Shin Megami Tensei: Persona 4 Review

The PS2 has had its share of role playing games.  With several titles in the Final Fantasy, Wild Arms, Suikoden, Dragon Quest, and Xenosaga series, there is no dispute who reigned as king in the last generation of consoles for RPGs.  While there has been some movement towards placing RPGs on the current generation of consoles, it looks like the PS2 has a few surprises for RPG fans.  The latest comes from Atlus with the latest in the Shin Megami Tensei series, Persona 4.


Persona 4 starts out with you signing a contract with the mysterious Igor.  With his lovely assistant Margaret, you find out that your life will take an unexpected turn.  What lies ahead is intrigue, murder, shadows, relationship building, and a big hollow bear named Teddie.  If you are familiar with Persona 3, then some of this probably makes sense.  If you aren’t and are a fan of RPGs, then you have a wild ride ahead of you.

Persona 4 looks to be built on the same engine as Persona 3.  The character models look similar, and you aren’t going to find any polygon-breaking character models.  Some of the buildings and objects look very square.  Still, the character animations are smooth, whether it is riding a bike, running down the street, or strolling down the sidewalk while holding an umbrella.


Dialogue boxes have the characters drawn up in an anime style.  These hand-drawn illustrations look great.  When you do a group attack, a short comic-like screen shows slight movement in the background that looks like something you might see from an anime series.  The movement is very slight that it’s not overdone like some high-powered action sequence. This style shows up as well when some kind of emotion icon is shown above the characters head, like a exclamation point or question mark.  While the contract might not sound important, it really fits well into the game.  There are also some animated sequences that help to move the story forward too, and they are as high quality as something you might see in Death Note.  While you might not understand all of the details shown in each cutscene, it will become very evident later.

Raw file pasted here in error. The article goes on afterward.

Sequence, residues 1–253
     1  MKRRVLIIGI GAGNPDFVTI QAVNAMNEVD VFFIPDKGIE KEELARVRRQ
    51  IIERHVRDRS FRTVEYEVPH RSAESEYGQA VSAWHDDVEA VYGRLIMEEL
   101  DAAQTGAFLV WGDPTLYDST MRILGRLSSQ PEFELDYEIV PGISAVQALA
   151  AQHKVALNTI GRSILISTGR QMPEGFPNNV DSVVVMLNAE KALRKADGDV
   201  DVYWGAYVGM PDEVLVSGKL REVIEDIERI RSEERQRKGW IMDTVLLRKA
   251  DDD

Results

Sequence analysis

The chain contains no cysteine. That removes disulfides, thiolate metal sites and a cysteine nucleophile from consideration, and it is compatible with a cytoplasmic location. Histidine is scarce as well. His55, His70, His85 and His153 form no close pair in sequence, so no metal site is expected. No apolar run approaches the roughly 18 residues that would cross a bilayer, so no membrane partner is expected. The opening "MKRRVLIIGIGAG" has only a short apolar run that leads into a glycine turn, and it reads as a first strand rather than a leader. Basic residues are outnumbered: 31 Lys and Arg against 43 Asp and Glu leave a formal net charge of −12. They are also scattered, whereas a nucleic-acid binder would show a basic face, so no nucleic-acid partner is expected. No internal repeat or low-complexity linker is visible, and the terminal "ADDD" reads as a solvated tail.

What makes Persona 4 spectacular is the creativity of the enemies you face and the Personas summoned.  There is something new and different with each turn.  While you can see some inspiration from horror movies, they are some of the craziest creatures you have seen.  Ever want to go up against a giant sphere with a tongue larger than Gene Simmons?  How about a dancing hand with a bowtie?  If you are sick of the typical fantasy realm for RPGs, then Persona 4 is a title to look at.


While there is a lot of darkness, Persona 4 is vivid with color.  Part of that might be the fact that televisions play an integral part into the game, and you’ll see several studio